Sylvia Matthews Burwell succeeded former Kansas Gov. Kathleen Sebelius as Secretary of the U.S. Department of Health and Human Services in June 2014. Before that she was Director of the Office of Management and Budget. She has also served as president of the Walmart Foundation and of the Global Development Program of the Bill and Melinda Gates Foundation.
In a telephone interview earlier this week, she spoke with Heartland Health Monitor (HHM) about the Affordable Care Act, Medicaid expansion and a case before the U.S. Supreme Court that challenges a key element of the Affordable Care Act. Here are excerpts from that conversation:
HHM: Despite all the resistance to what’s commonly known as Obamacare, particularly in red states like Missouri and Kansas, it appears that enrollment numbers are actually rising. So I’d like to know how it looks from your perspective, especially in our neck of the woods.
Burwell: In Missouri we have 219,000 consumers that have selected a plan or were automatically reenrolled and in Kansas that number is 83,000. And as we look at each of those states, in Missouri 88 percent of the folks that are enrolled received premium support and the average amount of support is $284 per month. And so in Kansas, that number is 80 percent and it’s $214 per month. And so what we are seeing is people coming in using the marketplace and using the subsidies and assistance to make sure that they can get affordable care.
HHM: That brings up this question: There’s this case, of course, that bears your name in front of the Supreme Court, King v. Burwell. And as you well know, this case has the potential to undo a major part of Obamacare – the subsidies that we’re talking about, which more than 6 million people in more than 30 states have received, that have enabled them, as you say, to buy health insurance. What happens if the Supreme Court rules against you and rolls back those subsidies?
Burwell: So I think you probably know we believe Congress passed legislation to provide these subsidies and Congress wouldn’t pass legislation that said that people in New York should get these kinds of benefits and people in Kansas and Missouri shouldn’t. And so we believe we’re in a strong position with regard to what the law says, and we see these subsidies as making a difference in terms of how the system works, so that affordable health care is purchased. We know that in 2013 to 2014 we saw a drop in the uninsured adults by 10 million people in our country. And making health care affordable is a very important part of how that’s happening.
HHM: But if the court rules against you, what alternative plans are in place to address the fact that many people are going to lose their subsidies and may not be able to afford health insurance?
Burwell: In states like Missouri and Kansas in the individual market what you’d see is premiums go up. And finally there’s the indirect effect, which is that the uninsured number would go up. When uninsured goes up, indigent care or unpaid for care goes up, and that burden usually gets spread across all folks, including those in the employer-based market in terms of the premiums that they pay.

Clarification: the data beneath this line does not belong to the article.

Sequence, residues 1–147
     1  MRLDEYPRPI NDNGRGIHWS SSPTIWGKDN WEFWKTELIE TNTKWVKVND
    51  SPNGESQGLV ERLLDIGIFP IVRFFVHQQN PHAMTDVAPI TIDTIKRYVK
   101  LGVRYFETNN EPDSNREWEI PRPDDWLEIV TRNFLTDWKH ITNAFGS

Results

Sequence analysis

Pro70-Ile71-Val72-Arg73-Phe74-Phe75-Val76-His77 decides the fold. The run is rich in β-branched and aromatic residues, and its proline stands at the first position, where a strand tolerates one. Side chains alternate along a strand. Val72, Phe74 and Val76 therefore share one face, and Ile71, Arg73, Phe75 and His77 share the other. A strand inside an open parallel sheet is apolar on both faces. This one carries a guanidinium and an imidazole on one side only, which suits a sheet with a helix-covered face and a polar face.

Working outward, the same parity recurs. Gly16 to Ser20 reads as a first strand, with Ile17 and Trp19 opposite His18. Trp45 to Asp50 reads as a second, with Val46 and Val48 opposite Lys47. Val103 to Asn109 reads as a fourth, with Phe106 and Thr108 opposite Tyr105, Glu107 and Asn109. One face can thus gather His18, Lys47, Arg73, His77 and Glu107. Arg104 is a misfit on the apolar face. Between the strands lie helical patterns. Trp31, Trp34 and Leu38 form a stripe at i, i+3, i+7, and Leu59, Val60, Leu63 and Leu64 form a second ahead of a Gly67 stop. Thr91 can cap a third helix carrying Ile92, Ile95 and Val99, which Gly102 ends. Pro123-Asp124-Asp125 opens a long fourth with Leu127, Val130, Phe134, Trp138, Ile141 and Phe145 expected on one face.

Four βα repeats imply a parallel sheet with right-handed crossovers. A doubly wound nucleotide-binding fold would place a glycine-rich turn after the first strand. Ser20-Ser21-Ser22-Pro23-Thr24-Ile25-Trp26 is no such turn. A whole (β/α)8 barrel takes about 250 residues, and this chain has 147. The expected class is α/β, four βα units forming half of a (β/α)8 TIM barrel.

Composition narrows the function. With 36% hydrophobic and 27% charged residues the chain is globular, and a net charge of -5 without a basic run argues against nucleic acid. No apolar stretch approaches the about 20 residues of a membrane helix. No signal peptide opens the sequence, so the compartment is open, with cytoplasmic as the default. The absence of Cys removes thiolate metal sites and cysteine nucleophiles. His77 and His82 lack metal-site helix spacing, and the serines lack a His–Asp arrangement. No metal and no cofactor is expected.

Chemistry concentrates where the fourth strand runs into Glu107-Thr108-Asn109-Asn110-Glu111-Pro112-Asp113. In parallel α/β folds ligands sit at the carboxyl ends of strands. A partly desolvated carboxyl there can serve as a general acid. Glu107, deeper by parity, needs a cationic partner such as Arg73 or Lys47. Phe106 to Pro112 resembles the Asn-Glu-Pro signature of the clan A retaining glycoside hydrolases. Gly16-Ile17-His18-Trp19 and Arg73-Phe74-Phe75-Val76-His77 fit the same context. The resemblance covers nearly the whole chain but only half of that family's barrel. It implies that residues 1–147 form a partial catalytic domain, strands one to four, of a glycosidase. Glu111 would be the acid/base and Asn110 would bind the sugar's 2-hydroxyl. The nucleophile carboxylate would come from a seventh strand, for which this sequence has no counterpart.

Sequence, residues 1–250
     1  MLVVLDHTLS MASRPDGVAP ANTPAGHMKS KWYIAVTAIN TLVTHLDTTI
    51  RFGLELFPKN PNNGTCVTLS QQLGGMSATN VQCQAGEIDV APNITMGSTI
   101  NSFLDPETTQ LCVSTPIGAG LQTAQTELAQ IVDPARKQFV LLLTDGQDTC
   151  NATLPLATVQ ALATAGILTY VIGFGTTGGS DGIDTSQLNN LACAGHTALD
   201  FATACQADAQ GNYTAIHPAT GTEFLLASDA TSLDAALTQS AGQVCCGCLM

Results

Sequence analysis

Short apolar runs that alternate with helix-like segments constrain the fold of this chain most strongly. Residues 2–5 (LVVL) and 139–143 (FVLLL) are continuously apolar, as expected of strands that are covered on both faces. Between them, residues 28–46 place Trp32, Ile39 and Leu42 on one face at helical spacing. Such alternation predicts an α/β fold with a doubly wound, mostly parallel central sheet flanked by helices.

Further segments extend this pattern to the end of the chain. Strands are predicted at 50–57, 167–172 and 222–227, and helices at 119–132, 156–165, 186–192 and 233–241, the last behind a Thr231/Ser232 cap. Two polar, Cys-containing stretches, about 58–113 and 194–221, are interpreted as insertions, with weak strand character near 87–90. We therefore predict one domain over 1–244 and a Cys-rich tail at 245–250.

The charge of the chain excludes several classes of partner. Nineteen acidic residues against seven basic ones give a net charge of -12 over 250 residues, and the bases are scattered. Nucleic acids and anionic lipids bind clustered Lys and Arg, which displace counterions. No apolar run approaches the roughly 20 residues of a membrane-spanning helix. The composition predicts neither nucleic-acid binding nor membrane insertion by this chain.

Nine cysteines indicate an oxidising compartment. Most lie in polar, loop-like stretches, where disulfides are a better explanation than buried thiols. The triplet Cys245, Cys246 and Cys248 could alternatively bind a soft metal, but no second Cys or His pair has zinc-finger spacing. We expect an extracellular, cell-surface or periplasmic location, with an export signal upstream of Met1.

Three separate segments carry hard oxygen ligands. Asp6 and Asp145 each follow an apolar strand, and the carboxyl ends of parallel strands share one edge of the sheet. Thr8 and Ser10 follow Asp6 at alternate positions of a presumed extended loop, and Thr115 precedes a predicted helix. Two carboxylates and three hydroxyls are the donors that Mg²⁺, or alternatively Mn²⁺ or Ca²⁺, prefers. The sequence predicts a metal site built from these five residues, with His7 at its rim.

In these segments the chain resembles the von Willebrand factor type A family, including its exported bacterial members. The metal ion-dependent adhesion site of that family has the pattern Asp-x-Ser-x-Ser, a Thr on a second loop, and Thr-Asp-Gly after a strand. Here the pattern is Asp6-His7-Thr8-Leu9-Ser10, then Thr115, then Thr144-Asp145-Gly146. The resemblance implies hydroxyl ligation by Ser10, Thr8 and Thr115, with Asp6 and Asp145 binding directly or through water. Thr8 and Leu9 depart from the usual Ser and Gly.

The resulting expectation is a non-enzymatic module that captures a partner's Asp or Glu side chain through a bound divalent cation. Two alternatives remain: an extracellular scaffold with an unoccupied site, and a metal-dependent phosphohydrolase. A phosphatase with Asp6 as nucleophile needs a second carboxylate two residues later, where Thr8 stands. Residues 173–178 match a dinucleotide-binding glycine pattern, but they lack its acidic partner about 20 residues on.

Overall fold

HHM: As you know, Missouri and Kansas are among the states that have refused to expand Medicaid under the Affordable Care Act. But it appears that HHS is willing to negotiate with states that want to expand Medicaid in their own way. Kansas is one of those states. For example, they’re talking about imposing fees on hospitals to pay for the state’s share of the costs of expansion and also talking about imposing work requirements on Kansans who would become eligible. How flexible is HHS willing to be in allowing states like Kansas to impose their own expansion requirements?
Burwell: We believe there are certain fundamentals that are part of that. Beyond that, we’re open to having conversations about what will work in individual states. As you probably know, we recently completed conversations with Gov. Pence in Indiana – had the opportunity to spend time with him – and they are already implementing the expansion in Indiana. … One of the first things I did as secretary is go to the National Governors Association and make sure the governors knew I’m open to these conversations. We know different states have different needs. There are some fundamentals that are important to making health insurance work. Those we need. Beyond that, in terms of how people think about incentives and programs, are things that we can have discussions about.
HHM: So have you been in contact with anybody in the state of Kansas about their plans to expand Medicaid?
Burwell: Conversations have not started with the state. But every day I look forward to continuing and starting new conversations involved in a lot across the country and hope that in Kansas that that can happen.